- Software Composition Analysis (SCA): This function is sometimes included within a SAST tool, but more often it is a separate tool that allows software developers to assess open-source code for vulnerabilities and for overly strict licensing requirements.
Once an application moves into the production environment, teams usually use other tools to monitor the applications. These include vulnerability scanners and network detection and response systems designed to detect attacks.
So, why is all this important?
Traditional approaches to AppSec served well for a time, but they simply can’t keep up with today’s accelerated SDLC and the complex nature of cloud-native applications.
In past years, most security testing took place post-development. But rising complexity and interdependency among the components of modern applications means that by the time development is complete, any error or vulnerability can be firmly ingrained, making fixes difficult and time-consuming. As application security shifts left to address this issue, organizations have tried to retrofit traditional AST methods to operate as part of a DevOps tool chain.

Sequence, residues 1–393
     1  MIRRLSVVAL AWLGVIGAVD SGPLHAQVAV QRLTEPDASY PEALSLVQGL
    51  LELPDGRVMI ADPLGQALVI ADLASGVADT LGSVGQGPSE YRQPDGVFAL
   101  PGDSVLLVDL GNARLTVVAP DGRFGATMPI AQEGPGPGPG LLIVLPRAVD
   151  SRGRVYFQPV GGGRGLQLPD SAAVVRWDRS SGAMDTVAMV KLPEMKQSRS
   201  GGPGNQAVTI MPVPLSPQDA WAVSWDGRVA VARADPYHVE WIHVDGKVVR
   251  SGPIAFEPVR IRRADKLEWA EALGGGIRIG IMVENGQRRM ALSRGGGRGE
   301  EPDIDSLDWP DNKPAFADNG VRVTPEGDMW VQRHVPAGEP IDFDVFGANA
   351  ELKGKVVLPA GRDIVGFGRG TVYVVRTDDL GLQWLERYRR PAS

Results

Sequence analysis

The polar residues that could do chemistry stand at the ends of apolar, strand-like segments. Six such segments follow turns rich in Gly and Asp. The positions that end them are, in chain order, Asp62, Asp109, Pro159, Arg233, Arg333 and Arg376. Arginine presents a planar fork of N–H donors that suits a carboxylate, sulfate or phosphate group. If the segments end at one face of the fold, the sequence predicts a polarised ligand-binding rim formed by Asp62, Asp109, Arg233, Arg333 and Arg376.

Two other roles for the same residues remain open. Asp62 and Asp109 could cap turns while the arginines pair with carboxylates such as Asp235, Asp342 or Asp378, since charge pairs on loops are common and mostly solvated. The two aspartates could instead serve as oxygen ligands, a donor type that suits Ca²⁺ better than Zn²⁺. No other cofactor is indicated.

Results, unfortunately, have been mixed.
How open-source packages have changed the game
Besides efficiency issues, most traditional AppSec tools are unable to properly assess the risk of open-source packages. The tools tend to report every vulnerability they detect, whether or not the application actually uses the open-source package or library. If the application does not use the open-source package, it cannot be attacked, and the vulnerability is, therefore, not a legitimate risk. The result is a long list of vulnerability alerts that may or may not expose actual risk, and one of the following will happen:
- The project will slow down while the developers stop to fix every vulnerability reported by the AST tool
- The developers will ignore the security test results and push the application to production, hoping that an exploitable vulnerability won’t get attacked
We need a better approach.
An automatic and intelligent application security solution
To keep pace with cloud-native technologies and ensure adequate application security in both pre-production and production environments, organizations can’t rely on conventional approaches and manual processes. They need a solution with AI and automation at the core to provide real-time detection and alerting, eliminate blind spots, and identify new post-deployment risks. That’s where Dynatrace comes in.
With the release of its Application Security Module, Dynatrace has extended the automation, AI, and scalability of the Software Intelligence Platform to cover modern cloud application use cases that scale across even the broadest, most complex cloud architectures.
The Application Security module includes the Dynatrace AI engine, Davis, which helps developers prioritize security issues while eliminating false positives. Application Security enables DevSecOps teams to innovate at the speed required by the business so they can release software quickly and securely.